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These 3 Stocks Are Up at Least 7,400%. Are They Still Buys?

By Danny Vena, Brian Withers, and Will Healy – Oct 24, 2021 at 7:00AM

Key Points

  • Shopify's success is aligned with its customers. That's a powerful incentive for management and a plus for shareholders.
  • New investors should put Netflix’s past growth into perspective.
  • Numerous hurricane-force tailwinds will continue to drive MercadoLibre's growth higher.

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These companies are proof of the old adage "Winners keep winning."

One of the sentiments shared most often in investing is "That ship has sailed," or put another way, "The train has already left the station." Simply put, many investors fear that a significant run-up in a stock price likely means they've already missed out on their best chance to realize sizable gains from that stock and simply move on.

Unfortunately, considering a stock's price gains in a vacuum, rather than considering where it can go from here, may be one of the biggest mistakes an investor can make, causing them to miss out on potentially game-changing opportunities.

We asked three Motley Fool contributors to highlight a stock that had gained more than 7,400% (as of this writing) that offered many buy opportunities along that way -- and is still a buy right now. They came back with Shopify (SHOP 3.62%), Netflix (NFLX -1.12%), and MercadoLibre (MELI 2.75%).

Two shocked business people in an office staring at a computer screen.

Image source: Getty Images.

Shopify: Helping businesses grow online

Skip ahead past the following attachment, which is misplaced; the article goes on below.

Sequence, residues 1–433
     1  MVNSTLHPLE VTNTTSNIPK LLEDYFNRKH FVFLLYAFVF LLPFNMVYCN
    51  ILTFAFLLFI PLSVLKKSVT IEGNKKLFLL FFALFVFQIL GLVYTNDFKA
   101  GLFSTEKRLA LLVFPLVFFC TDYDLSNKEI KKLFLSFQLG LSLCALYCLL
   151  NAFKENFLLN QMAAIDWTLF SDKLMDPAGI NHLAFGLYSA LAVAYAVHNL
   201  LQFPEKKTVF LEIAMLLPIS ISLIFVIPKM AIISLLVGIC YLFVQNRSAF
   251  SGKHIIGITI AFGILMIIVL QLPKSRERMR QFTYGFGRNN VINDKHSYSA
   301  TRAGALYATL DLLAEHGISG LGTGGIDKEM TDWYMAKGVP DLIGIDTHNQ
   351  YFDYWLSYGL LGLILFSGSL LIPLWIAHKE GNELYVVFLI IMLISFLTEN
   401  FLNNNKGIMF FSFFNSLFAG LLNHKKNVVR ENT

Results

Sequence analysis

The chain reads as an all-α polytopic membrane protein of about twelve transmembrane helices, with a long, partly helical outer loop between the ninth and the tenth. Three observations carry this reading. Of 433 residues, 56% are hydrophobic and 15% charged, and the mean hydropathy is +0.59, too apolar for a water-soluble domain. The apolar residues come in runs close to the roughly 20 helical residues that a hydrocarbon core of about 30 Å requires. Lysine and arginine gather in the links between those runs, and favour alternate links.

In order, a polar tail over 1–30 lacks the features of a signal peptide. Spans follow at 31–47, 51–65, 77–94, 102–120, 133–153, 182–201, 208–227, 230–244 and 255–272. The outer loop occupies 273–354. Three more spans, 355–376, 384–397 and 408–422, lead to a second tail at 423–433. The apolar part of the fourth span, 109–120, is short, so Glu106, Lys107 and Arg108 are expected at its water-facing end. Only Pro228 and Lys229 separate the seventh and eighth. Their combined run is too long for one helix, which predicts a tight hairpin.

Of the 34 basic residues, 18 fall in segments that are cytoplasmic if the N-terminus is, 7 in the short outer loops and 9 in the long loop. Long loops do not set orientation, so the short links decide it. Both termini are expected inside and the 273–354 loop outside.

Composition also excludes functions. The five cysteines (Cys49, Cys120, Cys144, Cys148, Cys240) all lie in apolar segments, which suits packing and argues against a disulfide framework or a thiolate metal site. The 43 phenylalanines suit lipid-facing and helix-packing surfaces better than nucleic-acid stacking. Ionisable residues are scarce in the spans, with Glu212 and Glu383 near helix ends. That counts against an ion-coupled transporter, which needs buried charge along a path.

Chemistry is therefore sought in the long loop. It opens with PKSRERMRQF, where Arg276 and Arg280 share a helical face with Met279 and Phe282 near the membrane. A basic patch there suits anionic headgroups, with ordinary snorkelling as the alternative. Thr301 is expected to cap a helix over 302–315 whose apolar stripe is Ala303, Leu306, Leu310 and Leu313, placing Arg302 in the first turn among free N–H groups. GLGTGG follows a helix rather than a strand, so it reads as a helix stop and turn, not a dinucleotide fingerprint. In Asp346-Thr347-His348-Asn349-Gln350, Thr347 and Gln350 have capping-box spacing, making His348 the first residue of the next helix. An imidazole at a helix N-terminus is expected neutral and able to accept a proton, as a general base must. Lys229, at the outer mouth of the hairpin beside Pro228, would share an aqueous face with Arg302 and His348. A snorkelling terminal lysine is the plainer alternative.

Brian Withers (Shopify): Shopify has grown from humble beginnings to a $4.4 billion annual run rate business, facilitating almost $120 billion in online purchases in 2020. With its fantastic business results, market-trouncing stock appreciation has followed. In the year following its IPO, investors could have purchased shares of this incredible company for a jaw-dropping $20 per share, representing a 7,437% return since 2015. 

While that kind of amazing return may not be possible going forward, it's not too late to pick up shares of this high-quality business and still make market-beating returns. Let's look at why.

First, the company is still growing at a rapid pace. Even as the economy opens up and more brick-and-mortar stores are welcoming back in-person shoppers, the company posted 57% year-over-year revenue gains on top of a 40% year-over-year boost in online purchases. The company has become even more profitable as the added coronavirus traffic has helped the company scale its costs and pad its bottom line.

Metrics

Q2 2020

Q1 2021

Q2 2021 

QoQ change

YoY change

Revenue

$714 million

$989 million

$1.1 billion

13%

57%

Gross merchandise volume

$30.1 billion

$37.3 billion

$42.2 billion

13%

40%

Income from operations

$0.4 million

$119 million

$139 million

17%

34,750%

Data source: Company earnings releases, calculations by author.

Second, this "overnight success" from the coronavirus has been a long time coming. In 2015, Shopify hosted 165,000 merchants on its platform. Today, a few short years later, there are more than 10 times that number-- 1.7 million merchants depend on Shopify every day with their online stores. These merchants sell products in 175 countries around the world, giving this online e-commerce player truly global exposure to the rise of e-commerce.

Looking just at the small and medium business segment, management estimates its addressable market to be $153 billion. So its $4.4 billion annual revenue run rate is a small sub-3% share of the market.